Brexit.

Da5id Weatherwax

New member
Sep 22, 2018
57
Edinburgh
<<< confused but does enjoy hearing him yell "DIVISIOOOOON CLEAR THE LOBBY"
No matter who it's been, the speaker has always been "the star of the show" when being entertained by parliamentary antics. They have all the opportunities to deliver the best one-liners with the best timing. And, with great reliability, they do.
 
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Daniel Voyager

New member
Sep 20, 2018
49
The PM has lost control of her cabinet and trust of the country.

It's all up to the meaningful vote 3 next week. Extension of Article 50 is looking most likely now.

It's a big mess.
 
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Innula Zenovka

Nasty Brit
VVO Supporter 🍦🎈👾❤
Sep 20, 2018
1,353
I'm not even trying to sort out what happened today in Westminster.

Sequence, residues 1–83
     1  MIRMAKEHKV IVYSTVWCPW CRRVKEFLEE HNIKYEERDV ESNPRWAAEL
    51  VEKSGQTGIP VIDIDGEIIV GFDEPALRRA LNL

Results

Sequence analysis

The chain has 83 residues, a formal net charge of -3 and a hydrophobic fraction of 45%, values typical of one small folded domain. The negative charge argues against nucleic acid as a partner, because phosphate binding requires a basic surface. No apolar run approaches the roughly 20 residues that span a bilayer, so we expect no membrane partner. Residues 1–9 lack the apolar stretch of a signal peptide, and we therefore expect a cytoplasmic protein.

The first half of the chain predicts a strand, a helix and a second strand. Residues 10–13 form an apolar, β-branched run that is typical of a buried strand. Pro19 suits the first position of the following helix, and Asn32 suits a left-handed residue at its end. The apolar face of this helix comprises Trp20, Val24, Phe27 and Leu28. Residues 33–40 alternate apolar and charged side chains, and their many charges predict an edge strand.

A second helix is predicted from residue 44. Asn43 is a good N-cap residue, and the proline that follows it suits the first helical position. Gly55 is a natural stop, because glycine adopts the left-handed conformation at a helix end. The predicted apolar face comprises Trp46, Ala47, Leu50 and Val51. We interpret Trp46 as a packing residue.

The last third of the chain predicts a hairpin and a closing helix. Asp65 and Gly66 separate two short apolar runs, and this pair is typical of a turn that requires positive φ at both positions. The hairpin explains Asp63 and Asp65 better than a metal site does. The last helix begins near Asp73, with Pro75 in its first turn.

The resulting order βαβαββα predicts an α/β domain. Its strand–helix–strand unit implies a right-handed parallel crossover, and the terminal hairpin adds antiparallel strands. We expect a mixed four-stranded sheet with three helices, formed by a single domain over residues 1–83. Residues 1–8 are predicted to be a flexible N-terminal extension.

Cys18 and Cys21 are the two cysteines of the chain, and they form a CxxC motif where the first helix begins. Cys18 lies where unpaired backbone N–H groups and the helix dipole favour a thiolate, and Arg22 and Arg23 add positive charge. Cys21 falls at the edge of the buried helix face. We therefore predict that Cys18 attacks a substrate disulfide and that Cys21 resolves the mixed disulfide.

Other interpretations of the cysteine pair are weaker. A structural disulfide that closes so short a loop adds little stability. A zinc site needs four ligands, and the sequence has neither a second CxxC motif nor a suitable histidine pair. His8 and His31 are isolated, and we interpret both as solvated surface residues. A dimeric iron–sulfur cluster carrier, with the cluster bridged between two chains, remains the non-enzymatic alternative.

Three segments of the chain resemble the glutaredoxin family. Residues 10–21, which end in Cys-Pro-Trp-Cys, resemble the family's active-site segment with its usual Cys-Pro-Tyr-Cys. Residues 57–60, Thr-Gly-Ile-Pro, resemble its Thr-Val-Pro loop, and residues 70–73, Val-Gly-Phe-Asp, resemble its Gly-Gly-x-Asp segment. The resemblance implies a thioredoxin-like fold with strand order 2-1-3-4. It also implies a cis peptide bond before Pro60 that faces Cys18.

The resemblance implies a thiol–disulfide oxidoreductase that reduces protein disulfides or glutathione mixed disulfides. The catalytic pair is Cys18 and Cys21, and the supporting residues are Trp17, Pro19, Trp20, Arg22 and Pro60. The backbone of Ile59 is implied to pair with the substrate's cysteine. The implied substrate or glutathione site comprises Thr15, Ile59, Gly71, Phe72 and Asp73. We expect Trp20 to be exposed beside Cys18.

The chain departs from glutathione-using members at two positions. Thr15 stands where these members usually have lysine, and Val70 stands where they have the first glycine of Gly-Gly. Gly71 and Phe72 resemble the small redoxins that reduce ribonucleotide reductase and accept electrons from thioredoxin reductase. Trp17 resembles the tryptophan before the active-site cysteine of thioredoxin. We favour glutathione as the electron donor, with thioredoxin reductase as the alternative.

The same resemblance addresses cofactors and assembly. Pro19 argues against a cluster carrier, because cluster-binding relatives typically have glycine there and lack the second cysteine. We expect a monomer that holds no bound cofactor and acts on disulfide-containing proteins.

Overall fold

What a mess.
There's a good explainer here: Another day of Brexit votes: what they mean and what comes next

Briefly, Parliament today agreed to seek to delay the date on which the UK leaves the EU.

They decide next week how much extra time they need to ask the EU27 to grant the UK.

If Theresa May manages (third time lucky) to get the Withdrawal Agreement approved by Parliament before March 20 (probably in a vote early next week) then she'll ask for a brief extension -- up to June 30 -- in order to pass the European Union (Withdrawal Agreement) Bill, which is necessary to give the Agreement legal force in the UK.

If she is unsuccessful in securing support for the Withdrawal Agreement, then the government have promised to hold a series of indicative votes in which MPs will have to say what sort of Brexit agreement they are for rather than what they're against. It's at this point that Labour intend to press for a vote on having a referendum to ratify whatever the agreement turns out to be. Once that's settled, they'll go back to the EU27 and ask for considerably more time -- probably the best part of two years.

All this, though, is in the hands of the EU27. As a matter of both EU and UK law, the UK will leave the EU without a deal at the month unless either the EU27 agree to allow more time or unless the UK withdraws the A50 notification.
 

Ariane

New member